The disputes around sand operations are not always as simple, nor the divisions as clear and predictable, as on other environmental issues. This is not always clear from routine news coverage, in which opponents can sound like people who just don’t like fracking, period, or would prefer to push the necessary unpleasantness out of their backyards and into someone else’s, or resent a neighbor’s getting rich off sand.
Local governments feel overwhelmed by a regulatory role they lack the technical expertise, experience or resources to shoulder, and very often they feel bullied or bamboozled.
The Wabasha experience, described by Lynn Schoen at the top of this post, is a decent case in point, and one whose key facts do not seem to be much in dispute. (Other speakers were far less measured in their telling.)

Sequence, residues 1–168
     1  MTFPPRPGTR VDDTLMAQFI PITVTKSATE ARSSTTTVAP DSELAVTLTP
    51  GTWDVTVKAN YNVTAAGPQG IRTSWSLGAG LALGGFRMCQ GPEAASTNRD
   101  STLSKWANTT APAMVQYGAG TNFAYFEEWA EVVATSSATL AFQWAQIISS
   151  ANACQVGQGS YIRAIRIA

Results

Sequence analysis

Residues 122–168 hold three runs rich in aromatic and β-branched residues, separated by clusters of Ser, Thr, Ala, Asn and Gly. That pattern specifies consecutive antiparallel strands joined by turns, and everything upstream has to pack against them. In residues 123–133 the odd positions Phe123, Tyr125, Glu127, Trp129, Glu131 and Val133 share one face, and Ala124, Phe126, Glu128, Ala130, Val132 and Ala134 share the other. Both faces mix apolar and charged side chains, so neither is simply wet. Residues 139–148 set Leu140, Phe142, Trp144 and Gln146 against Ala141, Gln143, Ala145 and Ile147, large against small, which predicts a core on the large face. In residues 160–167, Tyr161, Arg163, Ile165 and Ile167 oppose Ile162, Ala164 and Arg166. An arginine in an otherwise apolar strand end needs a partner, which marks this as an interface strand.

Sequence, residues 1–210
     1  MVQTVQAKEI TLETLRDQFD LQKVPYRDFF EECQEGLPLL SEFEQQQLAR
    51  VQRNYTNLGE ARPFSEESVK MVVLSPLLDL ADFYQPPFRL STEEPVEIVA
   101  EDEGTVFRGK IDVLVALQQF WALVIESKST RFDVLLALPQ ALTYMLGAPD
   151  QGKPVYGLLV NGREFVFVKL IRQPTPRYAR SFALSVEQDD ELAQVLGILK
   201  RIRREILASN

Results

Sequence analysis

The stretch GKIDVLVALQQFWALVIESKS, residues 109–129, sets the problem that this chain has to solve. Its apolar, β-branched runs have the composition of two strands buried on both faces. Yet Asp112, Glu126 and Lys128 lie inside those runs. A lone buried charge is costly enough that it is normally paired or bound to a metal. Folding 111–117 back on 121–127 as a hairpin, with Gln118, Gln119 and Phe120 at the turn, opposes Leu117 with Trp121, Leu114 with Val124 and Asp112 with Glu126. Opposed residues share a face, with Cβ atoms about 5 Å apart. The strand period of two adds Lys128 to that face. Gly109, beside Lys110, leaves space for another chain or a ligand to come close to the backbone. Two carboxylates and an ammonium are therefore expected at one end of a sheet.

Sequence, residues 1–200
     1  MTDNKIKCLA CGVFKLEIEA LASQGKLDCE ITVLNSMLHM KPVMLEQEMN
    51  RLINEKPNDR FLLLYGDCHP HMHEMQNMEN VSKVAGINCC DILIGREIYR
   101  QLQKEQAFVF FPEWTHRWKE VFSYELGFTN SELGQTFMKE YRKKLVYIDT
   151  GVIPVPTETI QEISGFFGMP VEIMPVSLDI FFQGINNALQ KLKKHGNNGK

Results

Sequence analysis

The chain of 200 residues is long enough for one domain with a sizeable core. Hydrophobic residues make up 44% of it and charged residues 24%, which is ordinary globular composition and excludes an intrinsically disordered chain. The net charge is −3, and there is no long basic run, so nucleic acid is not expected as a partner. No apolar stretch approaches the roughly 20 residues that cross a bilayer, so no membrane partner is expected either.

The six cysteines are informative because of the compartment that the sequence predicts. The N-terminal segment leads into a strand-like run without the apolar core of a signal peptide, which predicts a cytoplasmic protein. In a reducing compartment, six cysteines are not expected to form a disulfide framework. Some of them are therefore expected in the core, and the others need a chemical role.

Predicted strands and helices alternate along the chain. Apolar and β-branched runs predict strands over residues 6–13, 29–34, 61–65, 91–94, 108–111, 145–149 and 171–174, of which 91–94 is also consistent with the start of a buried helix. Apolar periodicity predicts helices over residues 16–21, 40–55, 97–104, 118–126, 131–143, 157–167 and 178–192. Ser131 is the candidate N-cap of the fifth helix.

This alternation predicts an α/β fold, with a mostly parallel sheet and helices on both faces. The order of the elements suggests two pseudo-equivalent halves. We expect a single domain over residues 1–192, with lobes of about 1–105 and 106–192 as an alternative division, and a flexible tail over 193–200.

Indeed, if anybody except the company is actually enthusiastic about the Superior Sands project there, I have been unable to detect it in press accounts — including Tony Kennedy’s fine and fair-minded piece last December, part of the Strib’s ongoing Frac Sand Fever project — or in conversations of my own.
It’s kind of hard to imagine what city of 2,500 people — or 25,000, even 250,000 — would happily trade 900 new heavy-truck trips per day for the 18 jobs Wabasha may get in exchange.